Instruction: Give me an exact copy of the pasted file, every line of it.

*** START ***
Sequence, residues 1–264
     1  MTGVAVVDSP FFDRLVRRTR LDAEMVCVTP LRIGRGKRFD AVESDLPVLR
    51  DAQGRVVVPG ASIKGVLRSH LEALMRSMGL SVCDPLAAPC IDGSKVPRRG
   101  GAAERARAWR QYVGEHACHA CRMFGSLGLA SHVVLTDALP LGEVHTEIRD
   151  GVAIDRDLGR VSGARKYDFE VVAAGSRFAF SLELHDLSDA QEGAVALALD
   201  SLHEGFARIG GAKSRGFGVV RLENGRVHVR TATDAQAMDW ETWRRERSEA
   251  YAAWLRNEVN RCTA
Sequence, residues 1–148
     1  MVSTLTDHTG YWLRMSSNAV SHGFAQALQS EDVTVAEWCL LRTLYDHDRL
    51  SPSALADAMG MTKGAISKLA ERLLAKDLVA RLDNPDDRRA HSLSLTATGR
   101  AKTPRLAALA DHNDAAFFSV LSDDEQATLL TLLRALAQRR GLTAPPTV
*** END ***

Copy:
Sequence, residues 1–264
     1  MTGVAVVDSP FFDRLVRRTR LDAEMVCVTP LRIGRGKRFD AVESDLPVLR
    51  DAQGRVVVPG ASIKGVLRSH LEALMRSMGL SVCDPLAAPC IDGSKVPRRG
   101  GAAERARAWR QYVGEHACHA CRMFGSLGLA SHVVLTDALP LGEVHTEIRD
   151  GVAIDRDLGR VSGARKYDFE VVAAGSRFAF SLELHDLSDA QEGAVALALD
   201  SLHEGFARIG GAKSRGFGVV RLENGRVHVR TATDAQAMDW ETWRRERSEA
   251  YAAWLRNEVN RCTA
Sequence, residues 1–148
     1  MVSTLTDHTG YWLRMSSNAV SHGFAQALQS EDVTVAEWCL LRTLYDHDRL
    51  SPSALADAMG MTKGAISKLA ERLLAKDLVA RLDNPDDRRA HSLSLTATGR
   101  AKTPRLAALA DHNDAAFFSV LSDDEQATLL TLLRALAQRR GLTAPPTV